Nakhon Si Thammarat is one of the oldest cities in Thailand and very much unknown to most Thailand visitors. It lies off the beaten track and only some real Thailand enthusiasts visit this place. The city is the capital of the same named province. It is situated on the south-eastern Gulf Coast in Southern Thailand. It features some lovely beaches, has cultural attractions and a gorgeous national park with photogenic waterfalls. All this makes it a splendid place for a stop, either before heading to the Andaman Sea or travelling up north direction Koh Samui or further south to the border of Malaysia.
The beginning of Nakhon Si Thammarat is not really known. But historians believe that the settlement was founded by the kingdom of Tambralinga. This is a Sanskrit name and tambra means “red” and linga is referred to the Hindu god “Siva” or “phallus”. Early records estimate that the settlement was built between the 7th and 14th century. At one time it was also part of the Srivijaya kingdom. Tambralinga became independent again by the end of the 12th century, when the Srivijaya Empire declined. From the 13th till beginning of the 14th century the kingdom occupied almost the entire Malayan Peninsula. During this time it was one of the most dominant states in Southeast Asia. Finally it became part of Siam by the end of the 14th century and was officially named Nakhon Si Thammaraj. In the 16th century the important port town for European merchants was known as Ligor. After the fall of Ayutthaya the province tried to break away from Siam but failed. By the end of the 19th century the port town was renamed into Monthon Nakhon Si Thammarat and the city was officially declared as the provincial capital.
Today the center of modern Nakhon Si Thammarat is bult north of the Old Town, by the railway station. Its population is bit more than 100,000. The province is behind Surat Thani the 2nd largest in Southern Thailand.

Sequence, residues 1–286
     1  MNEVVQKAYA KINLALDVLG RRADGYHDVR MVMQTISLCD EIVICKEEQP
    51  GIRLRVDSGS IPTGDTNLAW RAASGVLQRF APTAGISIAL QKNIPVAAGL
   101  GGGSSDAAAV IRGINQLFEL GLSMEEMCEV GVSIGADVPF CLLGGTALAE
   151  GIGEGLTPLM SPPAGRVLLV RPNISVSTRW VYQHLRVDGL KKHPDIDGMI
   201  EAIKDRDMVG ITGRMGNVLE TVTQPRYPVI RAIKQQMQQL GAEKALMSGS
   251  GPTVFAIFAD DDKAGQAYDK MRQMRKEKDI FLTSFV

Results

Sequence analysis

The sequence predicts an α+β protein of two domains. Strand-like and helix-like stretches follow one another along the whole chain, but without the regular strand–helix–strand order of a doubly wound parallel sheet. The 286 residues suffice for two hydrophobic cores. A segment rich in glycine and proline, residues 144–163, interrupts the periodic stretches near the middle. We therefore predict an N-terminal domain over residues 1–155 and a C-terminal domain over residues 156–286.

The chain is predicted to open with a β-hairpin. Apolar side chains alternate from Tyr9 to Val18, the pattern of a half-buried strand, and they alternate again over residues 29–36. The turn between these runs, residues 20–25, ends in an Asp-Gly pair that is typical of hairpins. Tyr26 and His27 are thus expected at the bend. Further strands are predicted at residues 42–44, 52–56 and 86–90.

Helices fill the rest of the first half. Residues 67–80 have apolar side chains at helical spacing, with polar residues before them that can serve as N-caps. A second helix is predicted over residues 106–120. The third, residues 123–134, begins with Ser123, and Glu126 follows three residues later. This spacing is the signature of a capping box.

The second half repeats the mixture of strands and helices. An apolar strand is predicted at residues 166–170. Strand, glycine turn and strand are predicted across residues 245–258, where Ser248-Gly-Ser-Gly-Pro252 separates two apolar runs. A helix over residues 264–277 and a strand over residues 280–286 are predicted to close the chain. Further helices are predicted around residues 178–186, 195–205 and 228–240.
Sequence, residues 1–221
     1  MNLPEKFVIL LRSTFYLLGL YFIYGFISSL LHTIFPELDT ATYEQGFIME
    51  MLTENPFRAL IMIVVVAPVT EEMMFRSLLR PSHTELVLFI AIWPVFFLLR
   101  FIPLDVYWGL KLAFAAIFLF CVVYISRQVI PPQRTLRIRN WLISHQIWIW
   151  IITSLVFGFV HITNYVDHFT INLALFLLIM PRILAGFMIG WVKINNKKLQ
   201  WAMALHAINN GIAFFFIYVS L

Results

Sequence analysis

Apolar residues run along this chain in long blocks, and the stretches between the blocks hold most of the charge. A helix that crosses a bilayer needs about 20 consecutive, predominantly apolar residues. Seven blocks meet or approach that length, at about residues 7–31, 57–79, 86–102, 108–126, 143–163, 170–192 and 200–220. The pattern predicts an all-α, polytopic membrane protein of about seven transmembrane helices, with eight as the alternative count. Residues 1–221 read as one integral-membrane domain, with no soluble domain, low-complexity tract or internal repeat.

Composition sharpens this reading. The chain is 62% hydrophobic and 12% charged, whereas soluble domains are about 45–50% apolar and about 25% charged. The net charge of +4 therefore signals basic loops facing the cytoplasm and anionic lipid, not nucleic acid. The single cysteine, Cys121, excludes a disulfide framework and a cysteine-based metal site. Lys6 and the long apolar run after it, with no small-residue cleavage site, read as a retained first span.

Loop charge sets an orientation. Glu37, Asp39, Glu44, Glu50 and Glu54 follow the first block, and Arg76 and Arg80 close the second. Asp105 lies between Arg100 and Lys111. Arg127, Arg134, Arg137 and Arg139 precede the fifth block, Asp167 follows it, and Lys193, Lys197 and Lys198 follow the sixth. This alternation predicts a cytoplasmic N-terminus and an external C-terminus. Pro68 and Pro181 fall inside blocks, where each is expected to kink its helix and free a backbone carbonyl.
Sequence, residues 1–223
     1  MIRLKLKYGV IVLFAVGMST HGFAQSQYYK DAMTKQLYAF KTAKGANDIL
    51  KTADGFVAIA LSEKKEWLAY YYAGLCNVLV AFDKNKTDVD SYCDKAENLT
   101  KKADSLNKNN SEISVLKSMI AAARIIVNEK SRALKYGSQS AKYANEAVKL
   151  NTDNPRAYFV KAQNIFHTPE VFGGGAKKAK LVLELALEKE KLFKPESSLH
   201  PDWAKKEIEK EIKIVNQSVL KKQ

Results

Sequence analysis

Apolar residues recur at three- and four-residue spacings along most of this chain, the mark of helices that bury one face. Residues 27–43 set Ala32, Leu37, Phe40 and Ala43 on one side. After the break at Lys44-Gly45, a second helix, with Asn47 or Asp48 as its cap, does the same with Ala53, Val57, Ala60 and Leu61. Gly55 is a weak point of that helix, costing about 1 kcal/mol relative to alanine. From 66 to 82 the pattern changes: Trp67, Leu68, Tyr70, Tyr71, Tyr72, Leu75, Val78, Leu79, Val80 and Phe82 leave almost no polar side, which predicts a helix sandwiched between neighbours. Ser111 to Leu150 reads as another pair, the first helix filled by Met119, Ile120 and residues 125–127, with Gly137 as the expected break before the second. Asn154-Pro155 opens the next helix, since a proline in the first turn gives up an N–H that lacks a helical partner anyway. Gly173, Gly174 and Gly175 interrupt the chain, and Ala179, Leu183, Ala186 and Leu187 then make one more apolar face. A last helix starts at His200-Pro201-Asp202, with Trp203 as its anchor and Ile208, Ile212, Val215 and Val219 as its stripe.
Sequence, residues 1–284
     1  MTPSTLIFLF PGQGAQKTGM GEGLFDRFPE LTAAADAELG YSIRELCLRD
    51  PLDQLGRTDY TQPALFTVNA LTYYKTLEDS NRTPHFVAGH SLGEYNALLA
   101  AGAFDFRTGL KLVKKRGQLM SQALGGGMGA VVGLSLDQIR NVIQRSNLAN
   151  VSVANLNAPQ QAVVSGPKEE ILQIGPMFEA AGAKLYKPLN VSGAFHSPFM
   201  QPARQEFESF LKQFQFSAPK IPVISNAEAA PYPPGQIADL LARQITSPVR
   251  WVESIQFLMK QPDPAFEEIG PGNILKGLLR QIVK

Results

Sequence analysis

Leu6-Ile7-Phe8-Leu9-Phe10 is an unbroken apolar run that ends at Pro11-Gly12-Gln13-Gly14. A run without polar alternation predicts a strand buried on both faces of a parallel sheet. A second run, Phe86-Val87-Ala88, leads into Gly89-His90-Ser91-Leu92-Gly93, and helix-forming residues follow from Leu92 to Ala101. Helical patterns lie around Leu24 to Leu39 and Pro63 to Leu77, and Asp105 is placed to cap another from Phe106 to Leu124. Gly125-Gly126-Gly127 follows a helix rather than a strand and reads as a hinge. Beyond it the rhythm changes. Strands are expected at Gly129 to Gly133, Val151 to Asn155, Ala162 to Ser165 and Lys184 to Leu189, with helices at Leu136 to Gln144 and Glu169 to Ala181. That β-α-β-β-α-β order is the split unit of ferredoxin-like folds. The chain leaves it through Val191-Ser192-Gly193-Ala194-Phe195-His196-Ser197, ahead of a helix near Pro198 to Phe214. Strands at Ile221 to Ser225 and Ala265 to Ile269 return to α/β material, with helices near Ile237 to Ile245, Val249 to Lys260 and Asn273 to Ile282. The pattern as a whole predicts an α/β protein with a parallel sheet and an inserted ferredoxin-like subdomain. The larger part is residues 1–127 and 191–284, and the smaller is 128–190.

Nakhon Si Thammarat is about 770 kilometers south of Bangkok and the fastest way to reach the town is by plane. At present time there are only a few daily flights from Bangkok and back. The airport (IATA: NST) lays 15 km to the north and passengers can reach the city center by minivans in about 15 minutes.
Nakhon Si Thammarat lies on the main train route Bangkok – Malaysia. The best way is by overnight train. The first class has private compartments with 2 beds and the air con 2nd class sleeping coach is very comfortable. Drinks and food can be ordered by the train steward or consumed in the restaurant wagon. The train station is in the western part of the center with nearby hotels, cafes and restaurants.
Another option is by air con bus from Bangkok Southern Bus Terminal. There are the more comfortable VIP buses and the standard ones. The travel time is about 12 hours. The bus terminal is a bit outside the center. The easiest way is to charter a tuk tuk from/to the town.
From many southern cities direct buses and minivans connect with Nakhon Si Thammarat. Although the mini bus stops are in different places around town, therefore best to ask in the hotel for the particular stop.
It is most easy to get around in town by tuk kuk, otherwise by songthaew. If you hire a tuk tuk or one of these songthaew for yourself, make sure that you have an agreement of the price before starting.
Wat Phra Mahathat Woramahawihan
This ancient temple was built during the construction of the town and is the most important temple in Southern Thailand. The architecture of the 78 m high main pagoda features a typical Sri Lankan style, decorated in pure gold. At its base is the Viharn Tap Kaset gallery with many elephant heads and Buddha statues. Visitors can climb a staircase to reach a walkway which goes around the main pagoda, surrounded by 178 smaller chedis. The temple compound has other significant buildings such as the Sam Chom with the Buddha image of Phra Si Thamma Sokarat. The royal house features an Ayutthaya era style. This temple is the symbol of the province and also displayed on the 25 satang coin.